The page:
I came for the whales. I stayed for the jellyfish.
There have been days when the whales have gone wandering, the sea lions scattered and the eagles elusive. But during the short Alaska summer, life abounds below the ocean surface as well.
While sheltering in a small bay from the afternoon winds that turn Chatham Strait into a lumpy, quease-inducing mess, I looked down and noticed an enormous red jellyfish. And another. Cool. They were softly swaying, trailing long translucent filaments.
I quickly dragged out the underwater housing for my camera. There's not much science involved in this. I haven't dropped the requisite thousands on a remote video viewing system, so it's strictly spray and pray. You stick the camera underwater, point it in the general direction of the jellyfish and start snapping.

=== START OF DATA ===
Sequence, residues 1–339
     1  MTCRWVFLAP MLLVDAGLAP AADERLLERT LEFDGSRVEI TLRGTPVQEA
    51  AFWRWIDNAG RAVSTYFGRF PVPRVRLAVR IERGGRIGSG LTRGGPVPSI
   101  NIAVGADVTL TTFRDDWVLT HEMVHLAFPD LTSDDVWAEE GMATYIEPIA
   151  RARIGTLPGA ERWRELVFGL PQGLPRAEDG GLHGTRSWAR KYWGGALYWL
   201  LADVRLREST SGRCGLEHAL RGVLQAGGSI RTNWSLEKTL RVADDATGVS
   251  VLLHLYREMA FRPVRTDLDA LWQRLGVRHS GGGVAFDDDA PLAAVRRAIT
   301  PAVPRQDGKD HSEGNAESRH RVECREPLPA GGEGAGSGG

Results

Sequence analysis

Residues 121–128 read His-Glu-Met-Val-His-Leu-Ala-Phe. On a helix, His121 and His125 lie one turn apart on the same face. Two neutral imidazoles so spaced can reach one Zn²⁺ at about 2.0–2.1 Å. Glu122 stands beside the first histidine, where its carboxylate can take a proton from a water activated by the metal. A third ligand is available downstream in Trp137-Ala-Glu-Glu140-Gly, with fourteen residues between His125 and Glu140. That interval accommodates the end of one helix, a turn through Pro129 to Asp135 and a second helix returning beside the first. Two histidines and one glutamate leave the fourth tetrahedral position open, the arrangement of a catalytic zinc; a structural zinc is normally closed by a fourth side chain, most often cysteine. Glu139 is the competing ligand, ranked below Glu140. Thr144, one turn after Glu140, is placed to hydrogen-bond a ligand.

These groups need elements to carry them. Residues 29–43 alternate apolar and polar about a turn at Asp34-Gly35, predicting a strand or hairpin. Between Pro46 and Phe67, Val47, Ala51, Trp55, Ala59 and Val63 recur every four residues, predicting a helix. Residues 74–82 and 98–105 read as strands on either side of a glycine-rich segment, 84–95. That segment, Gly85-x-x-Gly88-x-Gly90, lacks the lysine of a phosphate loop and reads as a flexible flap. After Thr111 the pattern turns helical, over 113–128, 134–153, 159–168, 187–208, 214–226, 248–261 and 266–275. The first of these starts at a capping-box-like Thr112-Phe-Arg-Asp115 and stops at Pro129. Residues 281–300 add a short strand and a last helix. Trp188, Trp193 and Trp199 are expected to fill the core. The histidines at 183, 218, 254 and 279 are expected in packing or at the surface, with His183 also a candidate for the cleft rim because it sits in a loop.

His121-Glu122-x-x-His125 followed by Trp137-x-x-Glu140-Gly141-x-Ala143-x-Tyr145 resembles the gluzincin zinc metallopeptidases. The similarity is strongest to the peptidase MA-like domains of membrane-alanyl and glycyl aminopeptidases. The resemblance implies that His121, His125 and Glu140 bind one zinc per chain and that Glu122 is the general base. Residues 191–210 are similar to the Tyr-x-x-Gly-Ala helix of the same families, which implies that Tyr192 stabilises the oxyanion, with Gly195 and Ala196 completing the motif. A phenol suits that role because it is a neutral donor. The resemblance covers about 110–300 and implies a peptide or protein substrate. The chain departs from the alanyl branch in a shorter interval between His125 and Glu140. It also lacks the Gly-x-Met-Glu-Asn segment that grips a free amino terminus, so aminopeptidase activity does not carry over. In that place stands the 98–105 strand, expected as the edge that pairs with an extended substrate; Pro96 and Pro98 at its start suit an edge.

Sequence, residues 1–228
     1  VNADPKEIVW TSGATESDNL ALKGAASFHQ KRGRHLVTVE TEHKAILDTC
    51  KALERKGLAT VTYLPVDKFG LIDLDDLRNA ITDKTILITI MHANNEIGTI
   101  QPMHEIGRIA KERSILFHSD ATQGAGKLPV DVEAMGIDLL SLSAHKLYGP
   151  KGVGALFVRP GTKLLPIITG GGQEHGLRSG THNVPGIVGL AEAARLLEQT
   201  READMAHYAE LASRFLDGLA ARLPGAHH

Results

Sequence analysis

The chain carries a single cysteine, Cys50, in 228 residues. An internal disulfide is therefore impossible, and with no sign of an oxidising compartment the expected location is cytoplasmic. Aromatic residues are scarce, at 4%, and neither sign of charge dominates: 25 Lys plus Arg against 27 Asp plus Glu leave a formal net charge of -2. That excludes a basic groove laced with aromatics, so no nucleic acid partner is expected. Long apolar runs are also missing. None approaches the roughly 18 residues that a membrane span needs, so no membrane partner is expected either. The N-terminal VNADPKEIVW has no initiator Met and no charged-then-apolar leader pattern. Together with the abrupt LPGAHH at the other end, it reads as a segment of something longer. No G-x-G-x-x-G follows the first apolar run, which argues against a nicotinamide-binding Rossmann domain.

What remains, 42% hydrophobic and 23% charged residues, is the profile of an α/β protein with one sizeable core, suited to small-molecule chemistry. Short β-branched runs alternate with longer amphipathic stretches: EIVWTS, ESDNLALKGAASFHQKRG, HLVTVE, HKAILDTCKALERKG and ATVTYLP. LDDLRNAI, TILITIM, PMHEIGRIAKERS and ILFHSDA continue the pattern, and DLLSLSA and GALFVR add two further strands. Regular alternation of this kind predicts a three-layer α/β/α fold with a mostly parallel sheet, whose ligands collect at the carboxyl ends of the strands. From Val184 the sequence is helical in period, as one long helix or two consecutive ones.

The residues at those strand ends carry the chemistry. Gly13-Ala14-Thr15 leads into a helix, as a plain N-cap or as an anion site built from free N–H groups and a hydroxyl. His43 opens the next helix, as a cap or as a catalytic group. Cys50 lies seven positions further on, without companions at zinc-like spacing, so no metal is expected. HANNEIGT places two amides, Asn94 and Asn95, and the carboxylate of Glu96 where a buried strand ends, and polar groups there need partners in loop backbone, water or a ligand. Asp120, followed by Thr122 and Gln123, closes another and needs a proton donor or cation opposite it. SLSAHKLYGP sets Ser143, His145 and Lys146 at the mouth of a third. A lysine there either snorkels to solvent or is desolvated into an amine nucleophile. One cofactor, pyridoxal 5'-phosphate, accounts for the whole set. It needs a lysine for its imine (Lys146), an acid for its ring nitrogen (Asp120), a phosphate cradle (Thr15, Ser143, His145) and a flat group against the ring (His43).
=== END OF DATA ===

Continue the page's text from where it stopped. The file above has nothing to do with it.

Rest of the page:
Even in sheltered water, there's always some current or puff of wind moving the boat. Generally speaking, and I do so from experience, it's a good idea not to run the object of your photographic inquiry through the propellors.
I was feeling very pleased with myself, showing initiative and a bit of macho toughness, spending a couple hours with my arms plunged into the cold water. It wasn't until a dozen thin red welts started rising on my arms that I started having second thoughts.